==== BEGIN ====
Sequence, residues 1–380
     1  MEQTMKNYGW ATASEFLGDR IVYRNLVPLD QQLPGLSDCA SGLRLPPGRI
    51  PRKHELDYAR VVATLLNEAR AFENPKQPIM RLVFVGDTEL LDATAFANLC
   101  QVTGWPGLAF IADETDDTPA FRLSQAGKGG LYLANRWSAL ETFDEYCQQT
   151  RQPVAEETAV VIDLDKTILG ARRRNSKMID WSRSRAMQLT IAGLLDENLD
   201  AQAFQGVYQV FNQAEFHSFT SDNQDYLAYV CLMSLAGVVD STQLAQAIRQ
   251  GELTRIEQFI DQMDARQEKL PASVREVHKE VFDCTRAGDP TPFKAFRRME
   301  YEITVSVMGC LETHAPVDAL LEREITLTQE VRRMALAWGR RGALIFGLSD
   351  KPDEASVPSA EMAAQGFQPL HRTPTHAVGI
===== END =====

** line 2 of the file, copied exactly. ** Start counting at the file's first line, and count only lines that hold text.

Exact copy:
     1  MEQTMKNYGW ATASEFLGDR IVYRNLVPLD QQLPGLSDCA SGLRLPPGRI